Fox News host Bill O’Reilly delivered an angry rebuke on Sunday to another person who disputed his claims of reporting from a war zone in the 1980s.
O’Reilly appeared by phone on Fox News' MediaBuzz on Sunday after a former CBS News colleague cast more doubts on O’Reilly’s claims that he reported from a combat situation in Buenos Aires in the aftermath of the Falklands War.
Former CBS News correspondent Eric Engberg wrote on Facebook Saturday that he was also present in Buenos Aires shortly after Argentina surrendered to the British in 1982.
Engberg posted his account a few days after Mother Jones called into question O'Reilly's claims he saw combat while reporting on the conflict for CBS News.
Engberg said he and the other journalists, including O'Reilly, were barely covering the war because they were thousands of miles from where the conflict was taking place.
"We — meaning the American networks — were all in the same modern hotel and we never saw any troops, casualties, or weapons," he said. "It was not a war zone or even close. It was an 'expense account zone.'"
Engberg took particular umbrage with O'Reilly's claim that he had seen people killed during a huge riot after the Argentine forces surrendered.
"The riot around the presidential palace was actually short-lived," Engberg wrote. "It consisted mostly of chanting, fist-shaking, and throwing coins at the uniformed soldiers who were assembled outside the palace. I did not see any police attacks against demonstrators."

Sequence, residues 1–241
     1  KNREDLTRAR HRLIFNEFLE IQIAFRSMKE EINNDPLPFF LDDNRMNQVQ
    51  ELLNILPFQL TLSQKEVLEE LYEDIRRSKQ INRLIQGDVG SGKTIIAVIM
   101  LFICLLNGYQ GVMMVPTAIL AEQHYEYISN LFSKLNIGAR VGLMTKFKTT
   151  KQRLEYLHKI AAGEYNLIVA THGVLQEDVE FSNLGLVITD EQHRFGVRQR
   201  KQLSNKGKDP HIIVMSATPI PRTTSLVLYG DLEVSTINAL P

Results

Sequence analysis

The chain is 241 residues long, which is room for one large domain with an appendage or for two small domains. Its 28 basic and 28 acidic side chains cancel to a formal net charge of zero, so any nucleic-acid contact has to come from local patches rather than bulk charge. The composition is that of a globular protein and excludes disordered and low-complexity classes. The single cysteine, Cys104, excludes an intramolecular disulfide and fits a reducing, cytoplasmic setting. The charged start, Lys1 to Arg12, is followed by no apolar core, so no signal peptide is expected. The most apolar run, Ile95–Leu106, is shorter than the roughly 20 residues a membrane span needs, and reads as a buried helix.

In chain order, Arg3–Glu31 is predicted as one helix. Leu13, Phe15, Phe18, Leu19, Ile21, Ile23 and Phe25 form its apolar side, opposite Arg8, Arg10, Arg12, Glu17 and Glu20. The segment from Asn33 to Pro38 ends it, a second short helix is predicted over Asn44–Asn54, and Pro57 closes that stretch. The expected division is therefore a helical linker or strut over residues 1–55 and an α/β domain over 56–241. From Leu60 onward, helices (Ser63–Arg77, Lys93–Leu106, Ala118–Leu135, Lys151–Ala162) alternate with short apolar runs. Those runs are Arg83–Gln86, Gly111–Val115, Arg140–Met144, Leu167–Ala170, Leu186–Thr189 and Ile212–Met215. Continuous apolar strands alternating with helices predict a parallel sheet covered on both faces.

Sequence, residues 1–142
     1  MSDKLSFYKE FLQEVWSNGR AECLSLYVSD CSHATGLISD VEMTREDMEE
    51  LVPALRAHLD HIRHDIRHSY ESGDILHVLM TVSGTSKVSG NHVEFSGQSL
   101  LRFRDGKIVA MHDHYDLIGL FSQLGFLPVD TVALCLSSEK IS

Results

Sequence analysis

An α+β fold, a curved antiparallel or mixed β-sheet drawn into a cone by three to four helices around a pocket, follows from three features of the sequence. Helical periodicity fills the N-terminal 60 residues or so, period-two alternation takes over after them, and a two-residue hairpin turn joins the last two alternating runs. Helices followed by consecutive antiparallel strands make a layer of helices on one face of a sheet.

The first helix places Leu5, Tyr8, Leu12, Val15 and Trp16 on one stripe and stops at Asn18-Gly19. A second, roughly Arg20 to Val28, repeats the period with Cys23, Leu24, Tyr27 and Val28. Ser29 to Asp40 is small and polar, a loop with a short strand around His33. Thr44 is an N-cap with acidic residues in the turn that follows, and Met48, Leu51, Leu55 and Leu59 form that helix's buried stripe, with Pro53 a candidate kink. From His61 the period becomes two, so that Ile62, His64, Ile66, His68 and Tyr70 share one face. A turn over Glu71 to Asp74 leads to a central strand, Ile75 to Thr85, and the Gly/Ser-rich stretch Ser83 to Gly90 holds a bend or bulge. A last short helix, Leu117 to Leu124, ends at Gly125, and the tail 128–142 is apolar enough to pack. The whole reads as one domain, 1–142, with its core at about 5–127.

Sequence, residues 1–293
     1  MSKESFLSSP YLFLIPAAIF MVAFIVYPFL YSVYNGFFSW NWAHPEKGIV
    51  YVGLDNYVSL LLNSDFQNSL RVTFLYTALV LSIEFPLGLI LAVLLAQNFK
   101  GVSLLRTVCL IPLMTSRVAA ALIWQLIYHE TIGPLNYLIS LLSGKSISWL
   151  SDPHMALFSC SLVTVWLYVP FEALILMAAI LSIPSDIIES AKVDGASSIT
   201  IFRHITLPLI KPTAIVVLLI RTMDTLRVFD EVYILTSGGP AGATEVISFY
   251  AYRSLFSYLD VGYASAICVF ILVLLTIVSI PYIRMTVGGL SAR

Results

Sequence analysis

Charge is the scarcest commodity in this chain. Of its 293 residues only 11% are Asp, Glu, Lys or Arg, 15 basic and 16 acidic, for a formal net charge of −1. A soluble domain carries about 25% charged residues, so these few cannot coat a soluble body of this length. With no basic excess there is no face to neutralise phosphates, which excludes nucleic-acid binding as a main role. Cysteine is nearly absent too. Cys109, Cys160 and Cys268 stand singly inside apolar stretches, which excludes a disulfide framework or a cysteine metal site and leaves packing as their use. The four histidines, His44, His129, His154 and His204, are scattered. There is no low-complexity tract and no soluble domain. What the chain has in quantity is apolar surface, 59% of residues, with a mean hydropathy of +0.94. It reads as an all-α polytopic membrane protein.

Engberg also wrote that O'Reilly was difficult to work with and directly disobeyed orders to not turn his camera light on while shooting in the field.
In response, O'Reilly told host Howard Kurtz Sunday that he knows why Engberg doesn't remember seeing the conflict: he wasn't there.
"(Engberg's nickname was) 'Room Service Eric,'" O'Reilly said. "He never left the hotel."
O'Reilly said he invited Engberg on his show, The O'Reilly Factor, but he declined. He then quoted from a New York Times article on the riot, which said thousands of demonstrators were there.
"This is splitting hairs and trying anything they can to bring me down because of the Brian Williams situation," O'Reilly said.
A New York Times article from June of 1982 reported that police dispersed a crowd of thousands with tear gas after the surrender of the war, but it was unclear if this was the same article O'Reilly was referring to.
O'Reilly told Kurtz that the questions about his reporting are one big smear campaign against him.
"These guys want to come after me, I'm here," he said. "Anyone who thinks my reporting in Argentina was erroneous, they can come on my show tomorrow night."
O'Reilly promised to further address the claims on his show this week.